An 11-month-old boy is brought to the emergency department for diarrhea and vomiting. The mother tells the nurse that her doctor said to "force fluids." She asks how much she should force the child to drink. How would you answer her?

"Forcing fluids is not forcing your child to drink fluids, but to offer fluids frequently."

Explanation

• Forcing fluids doesn’t literally involve forcing the child to drink fluids. Excessive fluid intake may also contribute to diarrhea.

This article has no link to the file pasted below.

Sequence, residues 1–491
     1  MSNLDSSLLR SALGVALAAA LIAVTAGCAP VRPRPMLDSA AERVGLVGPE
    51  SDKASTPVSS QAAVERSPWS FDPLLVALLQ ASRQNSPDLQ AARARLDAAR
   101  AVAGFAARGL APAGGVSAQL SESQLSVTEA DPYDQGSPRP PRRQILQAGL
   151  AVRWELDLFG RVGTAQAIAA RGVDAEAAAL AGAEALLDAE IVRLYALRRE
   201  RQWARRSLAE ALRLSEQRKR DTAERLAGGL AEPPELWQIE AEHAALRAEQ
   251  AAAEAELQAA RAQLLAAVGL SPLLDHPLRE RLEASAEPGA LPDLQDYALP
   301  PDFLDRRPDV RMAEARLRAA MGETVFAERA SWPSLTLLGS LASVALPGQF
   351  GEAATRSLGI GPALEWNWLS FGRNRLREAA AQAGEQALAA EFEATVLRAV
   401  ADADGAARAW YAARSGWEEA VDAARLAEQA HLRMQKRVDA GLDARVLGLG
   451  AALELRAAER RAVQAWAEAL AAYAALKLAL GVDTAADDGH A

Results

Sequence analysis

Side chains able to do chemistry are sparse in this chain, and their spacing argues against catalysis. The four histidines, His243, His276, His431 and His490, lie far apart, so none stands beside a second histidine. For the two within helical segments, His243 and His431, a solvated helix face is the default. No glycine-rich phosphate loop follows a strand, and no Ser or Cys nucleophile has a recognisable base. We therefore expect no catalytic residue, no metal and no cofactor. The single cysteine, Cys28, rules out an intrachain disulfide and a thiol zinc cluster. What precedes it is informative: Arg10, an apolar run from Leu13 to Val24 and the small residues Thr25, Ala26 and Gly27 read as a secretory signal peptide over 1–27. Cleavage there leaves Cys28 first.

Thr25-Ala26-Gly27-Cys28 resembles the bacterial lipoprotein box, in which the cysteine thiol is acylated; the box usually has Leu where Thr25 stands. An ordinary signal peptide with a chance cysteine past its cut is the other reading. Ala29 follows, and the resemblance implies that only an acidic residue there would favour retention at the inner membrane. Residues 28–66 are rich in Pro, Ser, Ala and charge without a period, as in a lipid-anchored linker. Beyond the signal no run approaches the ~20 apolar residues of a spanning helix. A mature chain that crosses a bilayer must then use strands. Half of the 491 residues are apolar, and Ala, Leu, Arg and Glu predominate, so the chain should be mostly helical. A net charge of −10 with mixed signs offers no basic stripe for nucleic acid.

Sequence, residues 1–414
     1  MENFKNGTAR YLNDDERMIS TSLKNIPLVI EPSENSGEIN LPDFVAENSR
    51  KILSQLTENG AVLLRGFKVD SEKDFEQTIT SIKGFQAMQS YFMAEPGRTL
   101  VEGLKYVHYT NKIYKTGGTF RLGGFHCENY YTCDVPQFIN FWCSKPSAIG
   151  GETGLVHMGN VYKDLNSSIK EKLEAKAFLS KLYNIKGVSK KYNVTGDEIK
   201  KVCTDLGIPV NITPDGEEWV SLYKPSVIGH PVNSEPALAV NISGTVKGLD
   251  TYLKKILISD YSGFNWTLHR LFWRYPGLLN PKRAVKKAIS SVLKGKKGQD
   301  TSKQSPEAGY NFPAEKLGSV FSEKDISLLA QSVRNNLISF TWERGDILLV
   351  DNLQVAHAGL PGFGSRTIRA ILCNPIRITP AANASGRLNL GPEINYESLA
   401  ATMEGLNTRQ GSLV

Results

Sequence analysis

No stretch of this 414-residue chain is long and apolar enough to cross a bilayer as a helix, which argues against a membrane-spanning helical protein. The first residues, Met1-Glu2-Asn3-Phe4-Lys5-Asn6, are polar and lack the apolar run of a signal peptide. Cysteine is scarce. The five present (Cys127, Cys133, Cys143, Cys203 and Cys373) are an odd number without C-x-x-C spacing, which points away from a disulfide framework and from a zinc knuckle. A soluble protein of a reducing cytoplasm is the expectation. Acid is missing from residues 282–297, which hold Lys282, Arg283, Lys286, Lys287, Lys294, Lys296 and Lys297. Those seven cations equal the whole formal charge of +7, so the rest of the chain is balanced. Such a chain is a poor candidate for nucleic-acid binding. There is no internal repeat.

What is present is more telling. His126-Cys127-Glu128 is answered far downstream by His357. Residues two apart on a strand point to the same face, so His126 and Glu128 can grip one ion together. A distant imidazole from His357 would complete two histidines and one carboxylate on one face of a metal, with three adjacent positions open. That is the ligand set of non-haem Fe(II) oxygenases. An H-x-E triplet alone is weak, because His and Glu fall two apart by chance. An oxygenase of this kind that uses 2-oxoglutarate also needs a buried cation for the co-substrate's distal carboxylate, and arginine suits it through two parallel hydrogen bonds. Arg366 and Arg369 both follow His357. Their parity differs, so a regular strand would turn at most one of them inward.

• For a short time, infants are kept NPO to minimize the risk of vomiting. After that, infants may be allowed small sips of clear fluid, an oral rehydration solution, or breast milk. Gradually, the infant’s oral intake is increased, changing to soft then regular diet.

• With patients with diarrhea, it is very important to regulate electrolyte and fluid balance by oral or IV rehydration therapy.

• Diarrhea in infants is always serious because water accounts for 75% of infant body weight and infants have such a small extracellular fluid reserve. Sudden losses of water exhaust the supply quickly.

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